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Sunday, Jun 23, 2024

Christopher M. Welch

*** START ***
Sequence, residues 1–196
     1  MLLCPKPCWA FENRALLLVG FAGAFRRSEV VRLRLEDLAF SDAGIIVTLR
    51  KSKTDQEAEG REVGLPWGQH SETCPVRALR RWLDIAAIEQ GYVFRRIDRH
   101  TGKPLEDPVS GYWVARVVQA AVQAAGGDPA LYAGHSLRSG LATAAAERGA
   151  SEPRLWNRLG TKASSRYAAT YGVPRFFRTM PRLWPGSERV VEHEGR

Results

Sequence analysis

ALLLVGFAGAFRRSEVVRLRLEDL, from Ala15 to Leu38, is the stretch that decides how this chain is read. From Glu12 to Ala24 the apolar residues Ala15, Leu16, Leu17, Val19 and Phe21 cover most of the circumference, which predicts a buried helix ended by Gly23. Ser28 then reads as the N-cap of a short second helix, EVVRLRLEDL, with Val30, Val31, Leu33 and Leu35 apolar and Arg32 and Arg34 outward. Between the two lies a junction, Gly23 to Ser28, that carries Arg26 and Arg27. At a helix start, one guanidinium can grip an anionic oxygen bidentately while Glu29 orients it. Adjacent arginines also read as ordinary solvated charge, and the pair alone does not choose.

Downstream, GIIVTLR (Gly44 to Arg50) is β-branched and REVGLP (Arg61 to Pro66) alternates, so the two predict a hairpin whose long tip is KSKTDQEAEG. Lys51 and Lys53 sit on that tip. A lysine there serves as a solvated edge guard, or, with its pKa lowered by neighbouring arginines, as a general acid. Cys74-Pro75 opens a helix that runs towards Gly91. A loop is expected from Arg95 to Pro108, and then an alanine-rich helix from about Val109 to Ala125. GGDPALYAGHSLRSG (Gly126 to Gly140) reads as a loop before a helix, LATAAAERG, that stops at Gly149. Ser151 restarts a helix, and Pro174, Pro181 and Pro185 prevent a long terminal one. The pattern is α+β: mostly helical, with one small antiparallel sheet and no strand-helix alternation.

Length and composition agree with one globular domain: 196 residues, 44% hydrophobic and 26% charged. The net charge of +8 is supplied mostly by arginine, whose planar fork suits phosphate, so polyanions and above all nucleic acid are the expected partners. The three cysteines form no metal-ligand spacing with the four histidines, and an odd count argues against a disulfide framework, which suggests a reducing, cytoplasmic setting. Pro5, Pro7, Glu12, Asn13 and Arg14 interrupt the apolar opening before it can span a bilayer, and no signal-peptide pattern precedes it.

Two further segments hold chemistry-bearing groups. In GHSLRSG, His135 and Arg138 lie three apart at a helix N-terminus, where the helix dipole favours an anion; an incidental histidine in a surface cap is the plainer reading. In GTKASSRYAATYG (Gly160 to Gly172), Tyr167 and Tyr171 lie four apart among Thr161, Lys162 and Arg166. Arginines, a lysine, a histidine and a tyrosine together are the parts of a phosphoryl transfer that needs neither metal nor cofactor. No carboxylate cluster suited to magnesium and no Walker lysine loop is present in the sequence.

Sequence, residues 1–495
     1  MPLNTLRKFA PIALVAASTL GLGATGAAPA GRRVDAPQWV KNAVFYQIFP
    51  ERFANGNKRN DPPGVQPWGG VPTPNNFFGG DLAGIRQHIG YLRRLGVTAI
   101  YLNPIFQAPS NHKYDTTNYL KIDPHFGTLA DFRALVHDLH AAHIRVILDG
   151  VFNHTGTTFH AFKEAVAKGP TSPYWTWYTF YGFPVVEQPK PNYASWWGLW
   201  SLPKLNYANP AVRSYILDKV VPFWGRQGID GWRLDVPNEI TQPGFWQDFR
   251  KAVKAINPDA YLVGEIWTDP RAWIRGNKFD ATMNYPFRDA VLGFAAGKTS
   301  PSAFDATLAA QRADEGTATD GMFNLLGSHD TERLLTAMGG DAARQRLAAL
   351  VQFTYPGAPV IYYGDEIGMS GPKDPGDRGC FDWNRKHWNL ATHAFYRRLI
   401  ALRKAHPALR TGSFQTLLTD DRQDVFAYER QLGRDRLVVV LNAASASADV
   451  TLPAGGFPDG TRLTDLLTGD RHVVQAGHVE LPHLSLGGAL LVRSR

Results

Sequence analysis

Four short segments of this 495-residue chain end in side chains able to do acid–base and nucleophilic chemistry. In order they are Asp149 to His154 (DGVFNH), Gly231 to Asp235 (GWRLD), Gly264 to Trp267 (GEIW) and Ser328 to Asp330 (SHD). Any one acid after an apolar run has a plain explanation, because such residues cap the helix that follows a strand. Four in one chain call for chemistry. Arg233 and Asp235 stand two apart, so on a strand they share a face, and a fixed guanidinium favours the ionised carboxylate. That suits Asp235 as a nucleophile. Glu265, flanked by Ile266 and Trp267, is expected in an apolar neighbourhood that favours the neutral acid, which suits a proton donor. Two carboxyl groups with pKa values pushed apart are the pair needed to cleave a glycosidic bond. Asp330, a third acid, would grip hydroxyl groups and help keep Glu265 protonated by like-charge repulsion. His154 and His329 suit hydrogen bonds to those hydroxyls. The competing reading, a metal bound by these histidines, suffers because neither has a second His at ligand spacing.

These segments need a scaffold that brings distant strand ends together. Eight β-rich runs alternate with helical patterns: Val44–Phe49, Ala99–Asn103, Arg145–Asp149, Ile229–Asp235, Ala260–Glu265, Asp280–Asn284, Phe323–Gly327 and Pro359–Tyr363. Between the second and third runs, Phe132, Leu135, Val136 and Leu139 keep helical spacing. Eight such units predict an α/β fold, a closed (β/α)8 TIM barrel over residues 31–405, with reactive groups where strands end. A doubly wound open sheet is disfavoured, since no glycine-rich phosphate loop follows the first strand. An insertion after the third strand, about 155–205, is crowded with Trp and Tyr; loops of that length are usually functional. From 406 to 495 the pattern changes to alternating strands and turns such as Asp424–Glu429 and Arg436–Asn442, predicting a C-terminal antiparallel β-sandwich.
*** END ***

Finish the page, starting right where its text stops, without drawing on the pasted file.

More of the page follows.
In the world of mediation, Christopher Welch is a rare breed. At 32, Welch stands out in a field comprised mostly of individuals with decades of experience on the bench or as a litigator. Not only because of his age, but because he never went to law school. Since 2008, he has been director of the Center for Conflict Resolution, which rents space from the Church of Christ in Reseda. The nonprofit offers dispute resolution with a Christian focus, although it predominately handles “non-sectarian” mediations. With the help of a county grant, it offers its mediation services free of charge at courthouses in Van Nuys, Chatsworth, Torrance and Santa Monica. Private mediations outside the court process make up between 5 to 10 percent of the caseload, and the group charges, on average, $75 per hour, although the fee is based on the ability to pay. Welch acknowledges it’s been difficult to build his mediation practice — even one that caters to individuals looking for a low-cost alternative to private mediators who often charge upwards of $500 per hour. Other mediators in the Valley have questioned why young people would enter the field, given the importance placed on having years of experience in the legal profession. And when Welch first got started full-time, about eight years ago, he often rattled off his resume to ensure skeptical clients. “It’s still a challenge to get the cases and to get people to ultimately trust” my ability, he said. The Newbury Park resident holds a master’s degree in conflict resolution from Pepperdine University, School of Law’s Straus Institute for Dispute Resolution, one of the most recognized dispute resolution programs in the nation. But his mediation training actually started much earlier in life, when he was a middle school student resolving disputes amongst his peers. One of his first mediations, he said, was resolving a conflict among classmates on the basketball court. Welch said the career path into mediation seemed to naturally grow out of such life and family experiences. His church in La Verne heavily preaches peacemaking and he grew up with an older and younger sister, which he said gave him a natural desire to resolve conflicts in a non-adversarial fashion. The goal of the organization is a noble one, and Welch said that’s what makes his work so rewarding. “(Many) people currently don’t have the means to pay $400 per hour for mediation,” Welch said. “That doesn’t mean they should be denied the services that are out there.” Last year, about 40 to 45 percent of the center’s cases involved business disputes, either consumer to merchant or business to business. Just under 70 percent of those cases were resolved, he said. Small claims cases from the court are a large component of the case work and could be growing. This year, the limit on what individuals can sue for has increased from $7,500 to $10,000 in California. Welch said he expects that to throw more cases into the court and, with a crowded docket, hopefully more into mediation. The center, founded in the 1980s, is looking to expand into the community and hopes to increase its number of private mediations, although there isn’t a set time frame on that expansion, Welch said. As for the young professional, he sees mediation as a long-term career that one day may lead to his own private mediation practice. “I’ll just tell them I’ve been doing mediation since I was 14,” he said.

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